However, what is normally described as a fairly simple process of lifting prohibitionist controls to reap these putative benefits would actually involve addressing an extremely complex set of regulatory issues. As with most, if not all, products supplied privately and publicly, key regulatory issues relate to the nature of legally available medicines, the terms of their supply and the terms of their consumption (see page 2) Relaxing the availability of psychoactive substances that have not yet been are commercially available, opponents often argue that it would lead to an immediate and substantial increase in consumption. To support their claim, they point to the prevalence of opium, heroin and cocaine addiction in several countries before international controls came into force, the increase in alcohol consumption after the Volstead Act was repealed in the United States, and studies showing higher rates of abuse among professional doctors with greater access to prescription drugs. Without explaining the basis of their calculations, some have predicted dramatic increases in the number of people who use drugs and become addicted.
These increases would translate into significant direct and indirect costs to society, including increased public health spending as a result of drug overdose, fetal deformities and other drug-related misadventures, such as car accidents; loss of productivity due to absenteeism of workers and accidents at work; and more drug-induced violence, child abuse and other crimes, not to mention educational impediments. Proponents of legalization admit that consumption would likely increase, but counteract that it is not axiomatic that the increase is very large or that it lasts a long time, especially if legalization were combined with appropriate public education programs. They also cite historical evidence to reinforce their claims, noting that opium, heroin and cocaine use had already begun to fall before the ban went into effect, that alcohol consumption did not increase suddenly after the ban was lifted, and that the decriminalization of cannabis use in 11 U.S. States in the 1970s did not precipitate a dramatic increase in consumption.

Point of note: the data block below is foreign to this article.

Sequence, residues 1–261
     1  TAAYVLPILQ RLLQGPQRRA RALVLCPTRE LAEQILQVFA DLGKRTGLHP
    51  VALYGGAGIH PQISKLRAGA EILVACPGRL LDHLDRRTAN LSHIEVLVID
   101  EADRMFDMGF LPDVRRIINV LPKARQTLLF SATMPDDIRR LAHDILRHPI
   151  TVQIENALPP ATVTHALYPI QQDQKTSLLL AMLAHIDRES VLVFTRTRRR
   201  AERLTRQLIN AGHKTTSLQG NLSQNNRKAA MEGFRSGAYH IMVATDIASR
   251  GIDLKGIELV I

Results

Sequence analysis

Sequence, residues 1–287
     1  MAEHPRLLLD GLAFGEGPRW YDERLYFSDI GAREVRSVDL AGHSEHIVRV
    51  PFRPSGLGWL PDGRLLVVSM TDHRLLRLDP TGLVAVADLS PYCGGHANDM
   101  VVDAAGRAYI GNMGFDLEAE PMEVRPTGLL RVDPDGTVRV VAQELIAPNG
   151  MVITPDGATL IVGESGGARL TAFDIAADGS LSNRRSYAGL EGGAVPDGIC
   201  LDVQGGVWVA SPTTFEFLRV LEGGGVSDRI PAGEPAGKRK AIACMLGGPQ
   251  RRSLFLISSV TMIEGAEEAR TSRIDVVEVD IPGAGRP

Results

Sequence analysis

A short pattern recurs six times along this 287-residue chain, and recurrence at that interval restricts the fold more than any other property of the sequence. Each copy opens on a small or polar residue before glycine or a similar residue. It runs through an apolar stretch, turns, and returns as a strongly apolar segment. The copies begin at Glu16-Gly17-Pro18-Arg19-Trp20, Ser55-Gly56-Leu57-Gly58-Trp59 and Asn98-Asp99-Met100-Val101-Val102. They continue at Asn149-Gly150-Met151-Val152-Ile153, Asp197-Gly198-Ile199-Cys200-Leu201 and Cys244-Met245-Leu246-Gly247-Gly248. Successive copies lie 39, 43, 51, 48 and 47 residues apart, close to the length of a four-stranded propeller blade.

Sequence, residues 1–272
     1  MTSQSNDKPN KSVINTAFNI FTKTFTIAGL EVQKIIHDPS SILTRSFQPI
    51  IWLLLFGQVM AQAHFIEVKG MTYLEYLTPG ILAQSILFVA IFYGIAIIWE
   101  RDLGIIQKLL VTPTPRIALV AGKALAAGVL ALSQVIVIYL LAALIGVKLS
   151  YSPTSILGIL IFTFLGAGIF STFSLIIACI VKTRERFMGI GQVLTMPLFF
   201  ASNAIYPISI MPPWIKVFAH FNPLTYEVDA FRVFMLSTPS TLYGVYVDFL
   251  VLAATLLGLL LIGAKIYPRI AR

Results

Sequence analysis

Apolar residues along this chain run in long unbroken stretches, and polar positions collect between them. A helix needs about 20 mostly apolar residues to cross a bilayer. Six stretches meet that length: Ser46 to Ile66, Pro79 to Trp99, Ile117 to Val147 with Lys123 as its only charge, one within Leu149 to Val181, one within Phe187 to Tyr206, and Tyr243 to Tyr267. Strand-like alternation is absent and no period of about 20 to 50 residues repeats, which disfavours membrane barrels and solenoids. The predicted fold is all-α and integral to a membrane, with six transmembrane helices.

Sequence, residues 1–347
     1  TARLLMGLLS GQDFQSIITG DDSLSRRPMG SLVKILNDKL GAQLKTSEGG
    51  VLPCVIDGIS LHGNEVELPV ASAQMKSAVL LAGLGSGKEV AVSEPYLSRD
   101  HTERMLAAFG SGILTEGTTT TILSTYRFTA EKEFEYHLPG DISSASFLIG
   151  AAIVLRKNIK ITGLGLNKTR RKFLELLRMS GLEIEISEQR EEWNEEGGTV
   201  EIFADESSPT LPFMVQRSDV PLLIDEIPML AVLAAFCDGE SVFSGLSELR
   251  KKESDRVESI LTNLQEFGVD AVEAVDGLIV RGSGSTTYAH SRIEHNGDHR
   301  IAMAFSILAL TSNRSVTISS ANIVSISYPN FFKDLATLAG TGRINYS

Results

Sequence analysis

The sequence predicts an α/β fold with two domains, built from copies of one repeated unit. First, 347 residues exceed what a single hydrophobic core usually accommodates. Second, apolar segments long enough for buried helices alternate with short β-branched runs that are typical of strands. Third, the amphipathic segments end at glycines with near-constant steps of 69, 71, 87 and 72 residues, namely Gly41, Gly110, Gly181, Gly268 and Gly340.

Some also point to the legal sale of cannabis products through regulated outlets in the Netherlands, which also does not seem to have significantly boosted consumption by Dutch citizens. Public opinion polls showing that most Americans would not rush to try the hitherto banned drugs that were suddenly available, are also used to support the case for legalization. Neither side's arguments are particularly reassuring. Historical evidence is, at best, ambiguous, even assuming that the experience of one era is relevant to another.
The extrapolation of the results of political measures from one country to another with different socio-cultural values encounters the same problem. Similarly, within the United States, the effect of decriminalization at the state level should be considered within the general context of the continuing federal ban. And opinion polls are known to be unreliable. More specifically, until the nature of the alleged regulatory regime is specified, such discussions are futile.
It would be surprising, for example, if the use of legalized drugs did not increase if they became commercially available, as are alcohol and tobacco products today, with sophisticated packaging, marketing and advertising. However, more restrictive regimes could have very different results. In any case, the risk of increased drug use could be acceptable if legalization could drastically reduce, if not completely eliminate, the crime associated with the black market of illicit drugs and, at the same time, make some forms of drug use safer. Once again, there are disputed claims.
Opponents of more permissive regimes doubt that black market activity and its associated problems will disappear or even fall much. But, as before, addressing this issue requires knowing the details of the regulatory regime, especially the conditions of supply. If drugs are sold openly on a commercial basis and prices are close to the costs of production and distribution, the opportunities for illicit undercutting would appear to be quite small. Under a more restrictive regime, such as government-controlled outlets or prescription plans, illicit sources of supply are more likely to remain or evolve to meet legally unmet demand.
In short, the desire to control access to stem consumption must be balanced with the opportunities that would arise on the black market. Schemes that risk black market continuity require more questions about the new functioning of black markets over time, whether it is likely to be more benign than existing ones, and, more generally, whether compensation with other benefits still makes the effort worthwhile. The most obvious case is the regulation of access to medicines by adolescents and young adults. Under any regime, it's hard to imagine that drugs that are now banned are more readily available than alcohol and tobacco today.